Banias or Baniyas is a city of northwestern
Syria, located at the foot of the
hill of Qalaat el-Marquab, 55 km to the south of
Latakia (ancient Laodicea) and 35 km
north of Tartus (ancient Tortosa), and a
Catholic titular see under the Latin name of Balanea, which is
It is famous for its orchards and its export of wood. Today it is
best known for its oil refinery. It still contains citrus fruit
orchards surrounded by green hills. On one of the hills is the
imposing Margat Citadel, a huge fortress of black basalt stone.
In Phoenician times, it was an important seaport, known to the
Greeks as Balemia. The city of Balanaea, its Latin name, was a
colony of Aradus (Strabo, XVI, 753), and was placed by Stephanus
Byzantius in Phoenicia, though it belonged rather to the former
Roman province of Syria. Its first known bishop was present at the
Council of Nicaea in 325 (Lequien, Oriens Christ., II, 923). From
that time to the sixth century the names of three other bishops
are known. At the latter date it was a suffragan of Apamea, the
metropolis of Syria Secunda.
When Emperor Justinian established a new civil province,
Theodorias, with Laodicea as metropolis, Balanaea was incorporated
with it, but continued to depend ecclesiastically on Apamea, till
it obtained the status of an exempt bishopric. This was its
condition in the tenth century, when it was directly subject to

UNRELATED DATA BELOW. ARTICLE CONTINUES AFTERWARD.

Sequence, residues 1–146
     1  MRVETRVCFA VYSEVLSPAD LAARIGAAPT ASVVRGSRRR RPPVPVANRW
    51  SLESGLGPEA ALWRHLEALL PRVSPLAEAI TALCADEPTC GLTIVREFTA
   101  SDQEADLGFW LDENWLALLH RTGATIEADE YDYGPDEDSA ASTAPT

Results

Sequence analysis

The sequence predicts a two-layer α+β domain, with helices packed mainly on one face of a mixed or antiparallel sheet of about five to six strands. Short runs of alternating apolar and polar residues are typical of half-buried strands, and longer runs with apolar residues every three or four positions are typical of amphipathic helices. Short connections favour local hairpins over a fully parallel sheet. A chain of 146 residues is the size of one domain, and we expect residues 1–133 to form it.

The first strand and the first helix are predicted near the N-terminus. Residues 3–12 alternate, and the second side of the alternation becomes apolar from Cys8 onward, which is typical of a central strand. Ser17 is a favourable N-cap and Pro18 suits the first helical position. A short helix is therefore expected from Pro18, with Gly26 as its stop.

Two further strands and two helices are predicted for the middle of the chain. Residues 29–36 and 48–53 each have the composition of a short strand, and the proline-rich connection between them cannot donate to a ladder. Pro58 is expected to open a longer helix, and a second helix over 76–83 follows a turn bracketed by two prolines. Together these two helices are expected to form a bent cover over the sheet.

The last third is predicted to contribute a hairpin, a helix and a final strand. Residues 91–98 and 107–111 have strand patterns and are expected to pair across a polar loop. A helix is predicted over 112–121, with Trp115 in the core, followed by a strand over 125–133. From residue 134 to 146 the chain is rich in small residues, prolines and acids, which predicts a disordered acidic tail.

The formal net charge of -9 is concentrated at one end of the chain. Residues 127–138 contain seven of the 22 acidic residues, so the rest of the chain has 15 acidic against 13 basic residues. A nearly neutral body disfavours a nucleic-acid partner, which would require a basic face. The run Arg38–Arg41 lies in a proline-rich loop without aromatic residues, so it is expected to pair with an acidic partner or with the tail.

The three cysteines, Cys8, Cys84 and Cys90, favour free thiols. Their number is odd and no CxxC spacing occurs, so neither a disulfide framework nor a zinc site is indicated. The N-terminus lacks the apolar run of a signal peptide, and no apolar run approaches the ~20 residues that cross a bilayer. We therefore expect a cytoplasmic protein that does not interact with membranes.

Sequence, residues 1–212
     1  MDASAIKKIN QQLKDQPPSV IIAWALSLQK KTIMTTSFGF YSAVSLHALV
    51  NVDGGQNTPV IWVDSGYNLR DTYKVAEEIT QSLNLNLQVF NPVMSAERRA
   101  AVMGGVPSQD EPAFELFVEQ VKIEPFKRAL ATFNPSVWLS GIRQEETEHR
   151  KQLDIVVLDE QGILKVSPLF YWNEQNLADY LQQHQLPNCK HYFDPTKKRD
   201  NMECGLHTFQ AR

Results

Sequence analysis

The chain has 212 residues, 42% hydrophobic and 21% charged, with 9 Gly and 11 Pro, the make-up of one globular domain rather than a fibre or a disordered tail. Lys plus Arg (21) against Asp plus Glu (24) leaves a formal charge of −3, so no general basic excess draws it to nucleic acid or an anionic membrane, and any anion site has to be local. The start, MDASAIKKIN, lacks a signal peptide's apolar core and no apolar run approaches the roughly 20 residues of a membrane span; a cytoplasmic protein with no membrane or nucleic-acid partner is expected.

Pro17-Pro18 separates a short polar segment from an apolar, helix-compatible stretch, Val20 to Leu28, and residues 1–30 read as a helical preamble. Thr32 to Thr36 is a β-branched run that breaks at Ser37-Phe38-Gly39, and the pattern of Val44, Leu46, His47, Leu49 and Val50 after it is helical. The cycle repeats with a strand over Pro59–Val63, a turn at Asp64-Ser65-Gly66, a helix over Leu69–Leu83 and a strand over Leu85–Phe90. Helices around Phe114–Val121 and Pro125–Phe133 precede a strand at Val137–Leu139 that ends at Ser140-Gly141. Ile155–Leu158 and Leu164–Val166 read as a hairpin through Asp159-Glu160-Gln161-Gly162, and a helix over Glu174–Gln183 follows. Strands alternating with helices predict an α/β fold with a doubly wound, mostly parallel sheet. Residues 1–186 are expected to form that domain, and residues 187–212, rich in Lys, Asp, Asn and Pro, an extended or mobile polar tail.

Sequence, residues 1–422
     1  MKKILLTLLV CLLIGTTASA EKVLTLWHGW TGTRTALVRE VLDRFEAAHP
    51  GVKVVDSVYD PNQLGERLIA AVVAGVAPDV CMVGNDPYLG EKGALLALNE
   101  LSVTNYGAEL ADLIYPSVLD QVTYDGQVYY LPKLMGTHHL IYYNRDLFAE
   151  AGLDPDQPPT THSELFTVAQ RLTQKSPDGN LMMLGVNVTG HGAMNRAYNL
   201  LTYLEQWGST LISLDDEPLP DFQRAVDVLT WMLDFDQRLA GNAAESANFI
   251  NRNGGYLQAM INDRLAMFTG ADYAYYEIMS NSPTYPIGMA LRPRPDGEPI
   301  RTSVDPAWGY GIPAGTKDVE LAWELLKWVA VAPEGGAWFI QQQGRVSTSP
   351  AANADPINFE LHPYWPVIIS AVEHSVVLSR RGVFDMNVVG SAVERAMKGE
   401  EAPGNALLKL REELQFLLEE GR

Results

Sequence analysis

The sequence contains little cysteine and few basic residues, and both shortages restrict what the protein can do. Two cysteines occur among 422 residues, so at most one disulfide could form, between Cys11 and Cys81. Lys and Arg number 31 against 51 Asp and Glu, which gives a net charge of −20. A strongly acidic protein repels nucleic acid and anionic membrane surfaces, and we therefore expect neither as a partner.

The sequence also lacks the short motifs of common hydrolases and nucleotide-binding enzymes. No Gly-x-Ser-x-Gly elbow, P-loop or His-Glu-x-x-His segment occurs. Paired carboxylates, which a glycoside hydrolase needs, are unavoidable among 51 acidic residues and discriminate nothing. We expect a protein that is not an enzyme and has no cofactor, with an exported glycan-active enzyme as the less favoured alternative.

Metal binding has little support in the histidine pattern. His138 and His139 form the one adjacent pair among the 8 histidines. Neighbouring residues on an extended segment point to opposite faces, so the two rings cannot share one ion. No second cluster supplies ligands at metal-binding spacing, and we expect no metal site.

the Patriarch of Antioch.
The Crusaders created there a Latin see, of which a bishop is
known about 1200 (Lequien, III, 1189); the river near by it served
as a boundary between the Kingdom of Jerusalem and the
principality of Antioch. The Franks called it Valania, according
to the Greek pronunciation, the Muslims Bulunvoas. Owing to the
unsafe conditions of the country, the Latin bishop lived at Margat,
a neighbouring castle of the Knights Hospitallers.
Balanaea, today called Baniyas or Banias, is a little village; it
was the residence of the kaïmakam of an Ottoman district. It
numbered in the early 20th century about 1,550 inhabitants, 1,200
Maronites and 230 non-Catholic Christians; they cultivate chiefly
onions, olive-trees and a fine tobacco. The roadstead is
excellent, but is visited only by small boats.